Danças Ocultas
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Danças Ocultas

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This band has not uploaded any videos



"International Folk Festival, em Tilburg"

In the small hall followed my personal highlight of the night: Danças Ocultas. When I first read the line up: Four man all playing only button accordions, no singing, no percussion or other instruments - I thought this sounds strange, and not too interesting...
But as soon as I entered the room I was immediately stuck by the music. Danças Ocultas are very special - the interaction of these four accordionists is amazing. Their music is as full of tension that you did not realize how the time goes by. The music is excellently arranged and acts between very slow bits, where only one accordion is playing - creating an atmosphere of very loud silence - up to quite fast and very lively pieces. It is not easy to describe their music - you simply have to see them live to get an idea of what they are doing (or at least you should listen to their CD...).
- Folkworld

"FolkWorld's best Live Acts 2001"

2. Christian's Choice: Danças Ocultas (Portugal) at Tilburg International Folk Festival, the Netherlands.
This Portuguese band is very special - four diatonic accordions and no other instruments - not even the voice. Their shows are breathtaking.
- FolkWorld

"This is a majestic album"

This is a majestic album, a clever one too, simple and well-handled at the same time. In fifty minutes it offers a musical synthesis that contains both everything and nothing because it reinvents and renews the genre the whole time.
May 2002
- Etienne Bours 10 de Répertoire

"(...)it's hard to imagine a better bridge between popular tradition, classical music and modern experimentation."

The group doesn't just give a monolithic or forced performance. Indeed, it's hard to imagine a better bridge between popular tradition, classical music and modern experimentation.
Pierre Massé 5 Classica April 2002 - Classica

"cd review"

The musicians Artur Fernandes, Filipe Cal, Filipe Ricardo and Francisco Miguel got together with the aim of turning this musical form into something that would give pleasure - and they've met the challenge with unique sensitivity and inventive flair, drawing on the resources of music from the world over to create their new sounds. - Le Télégramme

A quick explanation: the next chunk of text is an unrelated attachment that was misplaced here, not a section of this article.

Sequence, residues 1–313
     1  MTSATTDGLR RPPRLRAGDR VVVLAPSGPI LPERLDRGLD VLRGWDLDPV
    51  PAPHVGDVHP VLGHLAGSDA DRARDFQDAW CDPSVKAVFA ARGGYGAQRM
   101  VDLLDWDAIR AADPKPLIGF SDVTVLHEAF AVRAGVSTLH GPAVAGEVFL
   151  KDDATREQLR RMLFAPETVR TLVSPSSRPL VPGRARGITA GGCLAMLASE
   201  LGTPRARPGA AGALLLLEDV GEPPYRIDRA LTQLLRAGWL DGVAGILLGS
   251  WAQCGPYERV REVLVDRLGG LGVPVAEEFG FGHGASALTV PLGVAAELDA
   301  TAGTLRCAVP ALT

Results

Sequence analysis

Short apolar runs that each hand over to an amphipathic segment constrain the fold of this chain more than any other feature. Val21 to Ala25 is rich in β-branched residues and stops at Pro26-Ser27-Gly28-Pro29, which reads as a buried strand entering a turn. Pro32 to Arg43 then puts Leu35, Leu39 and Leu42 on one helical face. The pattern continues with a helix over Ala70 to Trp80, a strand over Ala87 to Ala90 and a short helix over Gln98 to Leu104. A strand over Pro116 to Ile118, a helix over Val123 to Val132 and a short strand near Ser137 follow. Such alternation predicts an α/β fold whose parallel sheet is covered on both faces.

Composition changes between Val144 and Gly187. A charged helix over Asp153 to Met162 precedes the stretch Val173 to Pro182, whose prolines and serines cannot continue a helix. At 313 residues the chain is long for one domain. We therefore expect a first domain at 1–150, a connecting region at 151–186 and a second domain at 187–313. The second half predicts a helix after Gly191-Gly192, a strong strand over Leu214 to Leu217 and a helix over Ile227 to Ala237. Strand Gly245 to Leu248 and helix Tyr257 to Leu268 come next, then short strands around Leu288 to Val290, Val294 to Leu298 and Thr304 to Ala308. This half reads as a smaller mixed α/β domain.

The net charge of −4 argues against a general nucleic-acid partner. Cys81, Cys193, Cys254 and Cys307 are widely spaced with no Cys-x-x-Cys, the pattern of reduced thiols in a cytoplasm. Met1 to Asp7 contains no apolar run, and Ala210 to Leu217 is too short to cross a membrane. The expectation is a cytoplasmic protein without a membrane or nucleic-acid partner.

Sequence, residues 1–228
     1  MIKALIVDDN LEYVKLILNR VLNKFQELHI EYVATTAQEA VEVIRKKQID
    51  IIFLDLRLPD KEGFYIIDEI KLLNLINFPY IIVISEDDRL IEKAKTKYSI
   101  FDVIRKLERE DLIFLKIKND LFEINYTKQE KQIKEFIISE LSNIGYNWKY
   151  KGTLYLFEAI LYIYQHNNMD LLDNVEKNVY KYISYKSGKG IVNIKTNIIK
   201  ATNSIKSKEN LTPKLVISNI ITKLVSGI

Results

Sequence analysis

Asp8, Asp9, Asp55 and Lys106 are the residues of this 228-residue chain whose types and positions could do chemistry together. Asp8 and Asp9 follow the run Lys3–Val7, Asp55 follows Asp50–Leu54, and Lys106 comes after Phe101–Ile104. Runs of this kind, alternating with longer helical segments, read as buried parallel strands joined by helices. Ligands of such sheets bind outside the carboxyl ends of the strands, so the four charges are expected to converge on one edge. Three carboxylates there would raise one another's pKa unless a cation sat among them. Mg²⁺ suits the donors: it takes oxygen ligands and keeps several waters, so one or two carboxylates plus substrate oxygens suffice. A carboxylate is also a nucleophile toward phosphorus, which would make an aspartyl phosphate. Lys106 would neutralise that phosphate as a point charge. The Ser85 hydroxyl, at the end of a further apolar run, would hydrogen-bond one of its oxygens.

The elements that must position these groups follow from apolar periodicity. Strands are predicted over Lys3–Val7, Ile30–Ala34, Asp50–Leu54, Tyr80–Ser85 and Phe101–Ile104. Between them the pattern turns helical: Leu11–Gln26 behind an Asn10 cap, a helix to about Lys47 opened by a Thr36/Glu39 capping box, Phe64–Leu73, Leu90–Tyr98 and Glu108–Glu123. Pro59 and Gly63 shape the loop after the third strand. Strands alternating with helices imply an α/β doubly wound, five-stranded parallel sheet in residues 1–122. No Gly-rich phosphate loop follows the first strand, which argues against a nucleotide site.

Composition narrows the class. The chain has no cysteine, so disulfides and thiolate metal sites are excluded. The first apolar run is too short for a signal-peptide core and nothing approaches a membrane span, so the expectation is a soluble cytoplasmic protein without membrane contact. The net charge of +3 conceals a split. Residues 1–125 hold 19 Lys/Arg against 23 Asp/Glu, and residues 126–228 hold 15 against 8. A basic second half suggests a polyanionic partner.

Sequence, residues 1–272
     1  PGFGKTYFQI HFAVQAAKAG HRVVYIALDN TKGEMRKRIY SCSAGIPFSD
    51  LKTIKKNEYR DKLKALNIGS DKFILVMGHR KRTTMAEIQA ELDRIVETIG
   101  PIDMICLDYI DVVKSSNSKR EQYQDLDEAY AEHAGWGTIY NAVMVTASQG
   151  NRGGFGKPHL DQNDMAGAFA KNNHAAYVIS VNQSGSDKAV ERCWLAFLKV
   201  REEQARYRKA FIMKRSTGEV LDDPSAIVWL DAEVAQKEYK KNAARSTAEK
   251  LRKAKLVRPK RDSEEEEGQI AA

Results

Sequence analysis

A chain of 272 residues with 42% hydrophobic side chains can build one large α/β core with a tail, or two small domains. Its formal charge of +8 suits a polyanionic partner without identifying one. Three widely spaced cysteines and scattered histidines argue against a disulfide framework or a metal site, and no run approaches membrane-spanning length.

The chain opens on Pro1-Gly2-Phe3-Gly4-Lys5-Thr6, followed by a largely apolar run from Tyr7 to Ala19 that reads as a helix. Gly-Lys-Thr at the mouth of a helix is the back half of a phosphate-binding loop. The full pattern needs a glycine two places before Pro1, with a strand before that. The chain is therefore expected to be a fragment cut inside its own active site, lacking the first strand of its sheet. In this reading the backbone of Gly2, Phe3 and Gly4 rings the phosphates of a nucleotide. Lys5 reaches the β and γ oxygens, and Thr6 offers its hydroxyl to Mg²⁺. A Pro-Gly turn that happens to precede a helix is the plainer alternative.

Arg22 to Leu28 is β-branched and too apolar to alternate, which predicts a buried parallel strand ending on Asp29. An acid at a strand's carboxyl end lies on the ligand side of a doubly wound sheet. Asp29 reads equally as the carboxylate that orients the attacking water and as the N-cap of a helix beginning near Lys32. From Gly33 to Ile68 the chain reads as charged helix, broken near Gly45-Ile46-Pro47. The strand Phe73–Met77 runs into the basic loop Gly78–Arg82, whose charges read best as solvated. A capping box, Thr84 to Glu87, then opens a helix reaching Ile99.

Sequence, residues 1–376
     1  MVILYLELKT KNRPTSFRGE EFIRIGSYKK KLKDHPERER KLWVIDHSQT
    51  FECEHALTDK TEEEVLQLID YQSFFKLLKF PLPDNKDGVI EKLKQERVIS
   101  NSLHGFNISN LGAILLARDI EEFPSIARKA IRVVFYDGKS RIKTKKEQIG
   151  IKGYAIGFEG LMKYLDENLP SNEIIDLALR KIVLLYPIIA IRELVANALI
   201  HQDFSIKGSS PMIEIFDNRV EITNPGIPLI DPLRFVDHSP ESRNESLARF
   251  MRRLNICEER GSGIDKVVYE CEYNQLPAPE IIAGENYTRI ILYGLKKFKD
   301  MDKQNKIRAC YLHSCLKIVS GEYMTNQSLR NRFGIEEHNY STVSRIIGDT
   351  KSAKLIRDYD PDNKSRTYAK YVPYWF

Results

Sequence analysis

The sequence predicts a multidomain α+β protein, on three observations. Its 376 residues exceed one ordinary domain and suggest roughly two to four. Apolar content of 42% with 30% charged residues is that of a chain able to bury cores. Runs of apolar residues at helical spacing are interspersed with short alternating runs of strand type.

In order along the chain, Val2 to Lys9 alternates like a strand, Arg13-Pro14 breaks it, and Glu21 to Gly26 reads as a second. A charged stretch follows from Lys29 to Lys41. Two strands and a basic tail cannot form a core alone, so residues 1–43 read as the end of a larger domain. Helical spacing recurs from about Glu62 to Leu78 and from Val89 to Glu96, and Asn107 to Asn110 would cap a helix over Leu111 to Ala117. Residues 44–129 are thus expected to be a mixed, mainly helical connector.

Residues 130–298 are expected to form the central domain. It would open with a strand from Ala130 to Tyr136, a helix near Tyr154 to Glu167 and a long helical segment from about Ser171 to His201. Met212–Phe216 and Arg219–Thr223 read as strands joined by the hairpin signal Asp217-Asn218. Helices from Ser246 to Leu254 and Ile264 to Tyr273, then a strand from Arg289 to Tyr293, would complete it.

Danças Ocultas (Emi Valentim de Carvalho, 1996)
Ar (Emi Valentim de Carvalho, 19998)
Travessa da Espera - colêctania (L'Empreinte Digitale, France 2002)
Pulsar (Magic Music, 2004)
Festival Internacional Acordeões do Mundo (a compilation of the artists involved in the Festival, 2006)
Internationales Akkordeon Festival Wien live vol. 2 -(a compilation involving all the artists at the Festival 2007)
50 Years of Portuguese Music Vol. 7 - Great interpreters (Jornal Público e EMI-VC 2007)



Pulsar is the name given to those distant neutron stars whose existance we get to witness due to the radiation (not just light but also sound) they ommit in regular cycles.
Pulsar is also the title for the third originals’ album by the Danças Ocultas quartet – even if, in this case, for aparently different reasons. Indeed, in Portuguese, the same word also refers to heartbeat, or a certain inner rhythm. Finally, just out of curiosity, it is a word that incorporates (but goes beyond) the group’s previous work title, 1998’s record named «Ar». It indicates a moment of greater maturity and stability, which reflects on a superior composition work, an improvement in execution, and the dialogue with a variety of musical languages and traditions. In conclusion, a moment of opening up to the world.
Artur Fernandes, Filipe Cal, Filipe Ricardo and Francisco Miguel got together because of a shared interest in the recovery of an instrument that is outdated – the diatonic accordion, known in Portugal as «concertina» - and because they all accepted the challenge of exploring, imagining and conceiving new musical languages. With this in mind, the can transform the world through sound and develop all the possibilities provided by that one machine invented in the XIXth century.